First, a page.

Any goaltender that steps into the crease to face 100 mph shots has to have character, credibility, and immense confidence. Vancouver Canucks 2017 third-round draft pick, Michael DiPietro has that and a whole lot of swag.
Taking questions from reporters at Canucks development camp this week, he’s got a big smile on his face that reminds you of another Italian goaltender the team once had.
“Once you get your first camp under your belt, you’re more comfortable. This year has been better, I’m able to work on the little things and trust my game.” – @miketendy #CanucksDevCamp pic.twitter.com/ioCq05K3n8
— Vancouver Canucks (@Canucks) July 2, 2018
DiPietro has a lot of work to do before getting to that level, but he is showing all the signs, and you can tell he gets it. At his second development camp, he’s eager to make a positive impression.
“This time around, I really want to work on some things, my technical side, slowing my game down. I feel as the practice went on, I felt more comfortable with it. Those are the little things I want to improve coming to main camp.”
The 19 year-old is coming off his third season with the Windsor Spitfires of the OHL where he led the league with seven shutouts. DiPietro finished the season with a 29-21-1 record, 2.79 goals against average, and .910 save percentage en route to winning the OHL Goaltender of the Year Award.
But his sparkling season sandwiched a crushing disappointment in December.
The final goalie cut from Canada’s World Junior team, DiPietro is a good bet to start at this year’s tournament at Rogers Arena.
“It would be awesome.” DiPietro told reporters. “Last time around, I was really grateful for the opportunity, but I have a more serious approach to it. This is something I really want. I want to be the starter. I want to win gold here in Vancouver, that’s my goal come Christmas time, and I’m not going to let anyone get in the way of that.”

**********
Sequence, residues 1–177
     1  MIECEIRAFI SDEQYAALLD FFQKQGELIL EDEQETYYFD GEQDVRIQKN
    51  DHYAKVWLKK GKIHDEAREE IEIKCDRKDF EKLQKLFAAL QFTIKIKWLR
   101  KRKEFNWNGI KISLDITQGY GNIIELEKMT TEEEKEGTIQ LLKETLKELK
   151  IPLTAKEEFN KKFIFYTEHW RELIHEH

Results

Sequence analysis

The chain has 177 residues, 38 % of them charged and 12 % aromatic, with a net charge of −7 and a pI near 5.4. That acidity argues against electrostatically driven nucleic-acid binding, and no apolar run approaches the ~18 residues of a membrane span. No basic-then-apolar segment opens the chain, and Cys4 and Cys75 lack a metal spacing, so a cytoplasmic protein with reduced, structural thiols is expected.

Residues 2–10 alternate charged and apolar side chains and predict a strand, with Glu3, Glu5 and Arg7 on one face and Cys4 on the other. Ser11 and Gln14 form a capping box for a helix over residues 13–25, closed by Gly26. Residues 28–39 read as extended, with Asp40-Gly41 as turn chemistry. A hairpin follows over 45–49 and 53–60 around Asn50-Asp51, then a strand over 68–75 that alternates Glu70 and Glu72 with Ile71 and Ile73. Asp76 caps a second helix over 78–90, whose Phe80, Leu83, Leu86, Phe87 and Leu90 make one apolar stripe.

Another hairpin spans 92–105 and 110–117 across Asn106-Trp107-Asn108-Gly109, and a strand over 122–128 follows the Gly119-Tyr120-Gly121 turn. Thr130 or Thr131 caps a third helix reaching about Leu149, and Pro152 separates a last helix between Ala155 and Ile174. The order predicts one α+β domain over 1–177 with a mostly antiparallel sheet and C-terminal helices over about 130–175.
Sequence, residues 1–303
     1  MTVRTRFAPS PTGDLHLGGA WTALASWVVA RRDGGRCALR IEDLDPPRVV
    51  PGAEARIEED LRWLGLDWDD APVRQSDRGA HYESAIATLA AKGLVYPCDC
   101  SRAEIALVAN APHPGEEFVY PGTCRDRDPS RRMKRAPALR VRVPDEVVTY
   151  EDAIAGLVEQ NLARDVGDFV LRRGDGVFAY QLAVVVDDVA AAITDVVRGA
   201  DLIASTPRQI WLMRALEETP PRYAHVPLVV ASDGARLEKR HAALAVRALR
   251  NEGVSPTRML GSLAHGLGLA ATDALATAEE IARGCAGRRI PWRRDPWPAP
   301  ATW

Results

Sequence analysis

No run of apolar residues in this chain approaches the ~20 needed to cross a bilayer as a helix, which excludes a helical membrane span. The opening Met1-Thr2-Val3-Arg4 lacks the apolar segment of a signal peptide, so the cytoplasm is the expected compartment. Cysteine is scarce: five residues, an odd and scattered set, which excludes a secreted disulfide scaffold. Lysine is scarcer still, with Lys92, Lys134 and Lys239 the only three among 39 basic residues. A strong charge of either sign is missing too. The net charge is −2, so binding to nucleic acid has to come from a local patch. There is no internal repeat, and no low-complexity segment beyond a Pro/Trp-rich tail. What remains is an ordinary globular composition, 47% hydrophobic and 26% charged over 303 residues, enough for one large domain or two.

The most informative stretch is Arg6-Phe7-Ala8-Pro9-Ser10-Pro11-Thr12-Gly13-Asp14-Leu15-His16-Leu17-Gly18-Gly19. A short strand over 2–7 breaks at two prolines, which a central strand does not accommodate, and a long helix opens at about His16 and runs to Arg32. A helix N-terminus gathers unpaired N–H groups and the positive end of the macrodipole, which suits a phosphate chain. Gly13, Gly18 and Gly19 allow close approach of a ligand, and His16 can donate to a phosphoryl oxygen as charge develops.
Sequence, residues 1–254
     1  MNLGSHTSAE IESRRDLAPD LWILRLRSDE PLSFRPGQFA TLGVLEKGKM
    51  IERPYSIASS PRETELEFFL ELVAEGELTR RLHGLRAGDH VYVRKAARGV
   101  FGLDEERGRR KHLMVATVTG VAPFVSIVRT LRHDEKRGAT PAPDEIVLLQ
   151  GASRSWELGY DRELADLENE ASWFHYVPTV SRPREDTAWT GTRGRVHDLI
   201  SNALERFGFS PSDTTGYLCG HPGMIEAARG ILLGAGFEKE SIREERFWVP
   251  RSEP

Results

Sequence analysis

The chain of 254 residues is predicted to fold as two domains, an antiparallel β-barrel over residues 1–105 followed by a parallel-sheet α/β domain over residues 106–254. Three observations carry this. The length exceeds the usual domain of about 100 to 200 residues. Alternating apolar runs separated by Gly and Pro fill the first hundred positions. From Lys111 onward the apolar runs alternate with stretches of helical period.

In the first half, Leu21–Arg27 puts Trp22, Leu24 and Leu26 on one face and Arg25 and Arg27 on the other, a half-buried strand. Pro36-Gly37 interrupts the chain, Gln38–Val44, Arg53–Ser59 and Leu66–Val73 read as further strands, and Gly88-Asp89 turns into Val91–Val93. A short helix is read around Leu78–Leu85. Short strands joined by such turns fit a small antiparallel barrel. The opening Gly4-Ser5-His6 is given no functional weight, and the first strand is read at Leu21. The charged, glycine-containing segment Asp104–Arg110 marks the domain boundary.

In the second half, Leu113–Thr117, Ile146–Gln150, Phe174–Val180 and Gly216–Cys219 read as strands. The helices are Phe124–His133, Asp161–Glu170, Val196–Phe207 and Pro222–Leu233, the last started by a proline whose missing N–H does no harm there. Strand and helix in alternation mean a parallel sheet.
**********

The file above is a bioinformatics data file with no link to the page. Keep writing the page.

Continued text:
Instead of sulking after being cut, DiPietro used it as motivation.
“That was the first team I ever got cut from. It was a tough pill to swallow, for myself it was hard mentally. I slowly got over that. I really had a strong second half, and I think that made me a better goalie, and obviously a better hockey player moving forward.”
DiPietro will play one more season of junior hockey before turning pro – likely with the Utica Comets. Thatcher Demko, Vancouver’s other highly touted ‘goalie of the future,’ is expected to graduate to the NHL level by then.
Vancouver is no stranger to goaltending controversies, and if both netminders realize their potential, they could be involved in one some day.
“Vancouver is in a rebuilding state right now with a lot of young prospects in the pool,” DiPietro said. “I’m proud to be a part of that pool. Thatcher has a really big opportunity next year in camp. I won’t put myself behind the eight-ball either. I just got to try in come in and be prepared.
“It’s a process here, especially for goaltending. I want to make sure that I’m 100 percent ready for the next level in all aspects – mentally, physically, and emotionally – before I make the jump. You see a lot of goalies that kind of get burned out really fast. I think where my game is headed and the recourses here in Vancouver, it’s awesome. Especially with Thatch and I being close. I’m really excited about what the future has.”
There’s pressure on DiPietro to succeed, but he’s pulling for Demko – his roommate at training camp last year – to prevail too.
“Me and Thatch actually Snapchat a lot,” DiPietro revealed. “We keep in touch. I actually watched his first game here in Vancouver.
“(I was) obviously really happy he got the win. It kind of gave me a heart-attack in watching that game. He’s a really good goaltender, and a really good resource for myself. I know last year, rooming with him was awesome. Hopefully we can be goalie partners one day.”